The combination of LEGO and videogames seems pretty obvious to us now, but back in 1997 they were poorly executed and an amateurish affair. It wasn’t until 2005 that LEGO started to make their presence felt in the interactive gaming market with the release of LEGO Star Wars: The Video Game. This combination of fun platformer and blockbuster franchise gave LEGO a whole new lucrative avenue to explore.
Since that day, they have gone on to make many memorable games in the Star Wars universe; as well as Harry Potter, Indiana Jones, Pirates of the Caribbean, and even upcoming Lord of the Rings releases. Each captured the heart and limitless imagination of the LEGO toys, including the 2008 LEGO Batman game that sold an impressive 11 million copies worldwide. Now, four years later, Traveller’s Tales are back to bring us their long awaited sequel.
However, as the title implies, it’s not just Batman and his inner-circle of plastic chums who make an appearance. This time he’s joined by fellow DC comrades, including Superman, Green Lantern, The Flash, Lex Luthor, and Wonder Woman. In fact there are over 50 playable characters to explore, each with their own comedic animations and abilities. For example the Man of Steel has heat vision, Hawkgirl can fly, Clayface has super strength, Wonder Woman can lasso enemies, and Aquaman… can er.. swim and talk to fish and junk.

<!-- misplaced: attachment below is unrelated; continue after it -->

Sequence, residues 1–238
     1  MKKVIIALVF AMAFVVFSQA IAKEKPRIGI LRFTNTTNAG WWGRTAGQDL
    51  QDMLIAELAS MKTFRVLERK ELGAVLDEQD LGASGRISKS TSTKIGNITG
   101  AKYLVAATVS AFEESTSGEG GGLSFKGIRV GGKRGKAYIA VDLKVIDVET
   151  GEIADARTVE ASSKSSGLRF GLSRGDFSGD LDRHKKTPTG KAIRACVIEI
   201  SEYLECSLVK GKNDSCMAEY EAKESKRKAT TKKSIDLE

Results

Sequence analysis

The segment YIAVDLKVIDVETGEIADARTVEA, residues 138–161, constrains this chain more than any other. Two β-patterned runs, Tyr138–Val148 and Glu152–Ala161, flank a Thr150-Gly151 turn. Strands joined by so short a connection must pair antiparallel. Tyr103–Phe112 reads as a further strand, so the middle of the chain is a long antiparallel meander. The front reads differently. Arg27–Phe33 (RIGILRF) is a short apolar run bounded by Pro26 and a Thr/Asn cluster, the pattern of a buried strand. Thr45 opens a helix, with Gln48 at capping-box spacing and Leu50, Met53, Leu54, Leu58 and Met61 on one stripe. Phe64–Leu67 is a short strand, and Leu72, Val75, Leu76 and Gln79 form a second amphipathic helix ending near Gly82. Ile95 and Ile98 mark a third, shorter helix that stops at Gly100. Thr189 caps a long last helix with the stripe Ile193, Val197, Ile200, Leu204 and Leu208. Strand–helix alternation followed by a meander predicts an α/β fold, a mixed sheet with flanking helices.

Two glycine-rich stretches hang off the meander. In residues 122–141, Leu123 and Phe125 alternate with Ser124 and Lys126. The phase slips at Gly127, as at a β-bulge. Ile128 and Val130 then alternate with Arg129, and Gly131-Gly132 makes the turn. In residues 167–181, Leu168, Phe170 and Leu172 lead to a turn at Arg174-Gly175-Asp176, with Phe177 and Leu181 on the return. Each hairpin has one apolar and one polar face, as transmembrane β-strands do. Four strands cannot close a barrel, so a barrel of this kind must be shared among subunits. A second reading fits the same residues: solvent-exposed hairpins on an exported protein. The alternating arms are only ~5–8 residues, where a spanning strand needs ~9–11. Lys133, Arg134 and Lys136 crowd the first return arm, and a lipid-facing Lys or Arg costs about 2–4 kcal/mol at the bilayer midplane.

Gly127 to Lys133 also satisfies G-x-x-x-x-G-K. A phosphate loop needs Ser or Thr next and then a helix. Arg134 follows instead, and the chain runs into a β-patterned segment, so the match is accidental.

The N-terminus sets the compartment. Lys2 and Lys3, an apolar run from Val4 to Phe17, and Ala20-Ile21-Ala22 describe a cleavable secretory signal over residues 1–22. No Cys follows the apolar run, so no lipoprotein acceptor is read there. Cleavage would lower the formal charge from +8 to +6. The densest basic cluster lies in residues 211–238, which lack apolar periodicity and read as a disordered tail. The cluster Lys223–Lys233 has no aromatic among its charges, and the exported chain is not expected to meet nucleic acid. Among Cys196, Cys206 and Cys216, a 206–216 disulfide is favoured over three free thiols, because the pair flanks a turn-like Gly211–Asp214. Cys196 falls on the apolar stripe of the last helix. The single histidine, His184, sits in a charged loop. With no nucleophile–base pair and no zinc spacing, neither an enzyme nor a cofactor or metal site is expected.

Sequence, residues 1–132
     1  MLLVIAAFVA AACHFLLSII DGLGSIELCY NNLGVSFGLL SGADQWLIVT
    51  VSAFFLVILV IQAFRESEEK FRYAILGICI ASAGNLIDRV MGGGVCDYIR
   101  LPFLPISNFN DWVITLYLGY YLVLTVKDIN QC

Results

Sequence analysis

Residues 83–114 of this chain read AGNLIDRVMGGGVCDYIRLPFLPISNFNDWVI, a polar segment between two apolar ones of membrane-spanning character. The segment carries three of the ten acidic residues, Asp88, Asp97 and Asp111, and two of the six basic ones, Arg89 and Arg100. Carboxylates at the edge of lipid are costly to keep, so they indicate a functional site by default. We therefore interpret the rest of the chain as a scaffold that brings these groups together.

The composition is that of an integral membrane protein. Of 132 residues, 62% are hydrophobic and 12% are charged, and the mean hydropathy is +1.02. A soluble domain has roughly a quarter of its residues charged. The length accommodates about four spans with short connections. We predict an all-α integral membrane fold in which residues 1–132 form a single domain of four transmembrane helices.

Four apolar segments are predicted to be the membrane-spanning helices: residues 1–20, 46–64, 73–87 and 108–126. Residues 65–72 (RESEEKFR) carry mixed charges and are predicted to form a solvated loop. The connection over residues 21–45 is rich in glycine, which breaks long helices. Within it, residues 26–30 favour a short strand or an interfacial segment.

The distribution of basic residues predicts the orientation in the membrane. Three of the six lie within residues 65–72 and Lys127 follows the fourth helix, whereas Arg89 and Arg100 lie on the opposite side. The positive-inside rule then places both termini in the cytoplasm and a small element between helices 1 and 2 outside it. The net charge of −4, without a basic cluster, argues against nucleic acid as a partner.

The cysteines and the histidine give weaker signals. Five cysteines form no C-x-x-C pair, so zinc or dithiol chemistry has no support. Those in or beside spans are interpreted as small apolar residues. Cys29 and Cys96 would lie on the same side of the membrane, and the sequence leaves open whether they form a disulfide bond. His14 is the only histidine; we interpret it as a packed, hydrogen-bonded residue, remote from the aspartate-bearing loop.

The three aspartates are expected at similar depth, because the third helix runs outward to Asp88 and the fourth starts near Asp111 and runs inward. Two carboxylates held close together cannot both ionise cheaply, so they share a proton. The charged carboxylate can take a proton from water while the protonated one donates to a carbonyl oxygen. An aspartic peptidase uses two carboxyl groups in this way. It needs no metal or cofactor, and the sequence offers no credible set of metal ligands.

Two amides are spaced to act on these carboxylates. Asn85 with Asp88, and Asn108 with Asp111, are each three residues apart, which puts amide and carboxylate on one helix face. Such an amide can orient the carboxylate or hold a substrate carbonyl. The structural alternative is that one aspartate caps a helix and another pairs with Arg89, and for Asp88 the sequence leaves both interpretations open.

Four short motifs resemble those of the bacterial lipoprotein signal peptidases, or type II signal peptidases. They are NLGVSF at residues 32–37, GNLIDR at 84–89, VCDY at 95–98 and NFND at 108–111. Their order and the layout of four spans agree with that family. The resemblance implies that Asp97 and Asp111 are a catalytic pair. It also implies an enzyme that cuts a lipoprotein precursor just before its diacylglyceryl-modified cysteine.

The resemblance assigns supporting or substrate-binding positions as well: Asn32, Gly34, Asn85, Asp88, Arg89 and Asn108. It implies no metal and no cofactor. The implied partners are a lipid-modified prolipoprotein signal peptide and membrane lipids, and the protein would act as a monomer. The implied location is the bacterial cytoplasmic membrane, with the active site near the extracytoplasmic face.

As a huge LEGO fan and an avid comic-book reader, I was like a mongoose in a birdhouse with LEGO Batman 2: DC Super Heroes. The impressive cast of DC characters and the clever use of visual comedy that the LEGO games are known for come together here like a fine goulash of awesomeness. Watching the ‘most eligible bachelor showdown' between Bruce Wayne and Lex Luthor is hilarious, while Harley Quinn’s jaunty skip and deranged grin on her miniature plastic head never gets old. One running gag is Robin’s blatant admiration for Superman, a rather delicate issue that has Batman in a fit of jealous rage. It’s pure genius.
Lego Batman 2: DC Super Heroes centers around two main characters, Batman and Superman and their attempts to stop their respective arch-nemeses, The Joker and Lex Luthor, who have teamed up to destroy Gotham ‘brick by brick’. Along the way, you’ll need the help of various Justice League heroes as the cast of villains mount up, each lovingly recreated in LEGO minifig form.
In fact the sheer number of sub-plots revolving around the likes of Catwoman, The Riddler, Two-Face, Harley Quinn, General Zod, Poison Ivy, Cyborg, Killer Croc, Brainiac, Mr. Freeze, and Bane is hard to keep up with. But, as with all LEGO games, the gentle pace and humour ensure the Fun-Factor 3000™ is cranked to a maximum at all times.
In order to keep the multiple storylines in the game flowing, this LEGO videogame features a lot more dialogue than the mute minifigs of earlier games. Thankfully though, a lot of top-tier voice talent is behind DC Super Heroes, including Troy Baker (from Arkham City) as Batman, Clancy Brown (DC Animated Universe) reprises his role of Lex Luthor, the legendary Nolan North is Superman, Robin and Scarecrow, and even Laura Bailey steps in for Poison Ivy, Wonder Woman, and Harley Quinn. Although the addition of dialogue moves away from the almost pantomime expressions of LEGO Star Wars, it’s executed perfectly here.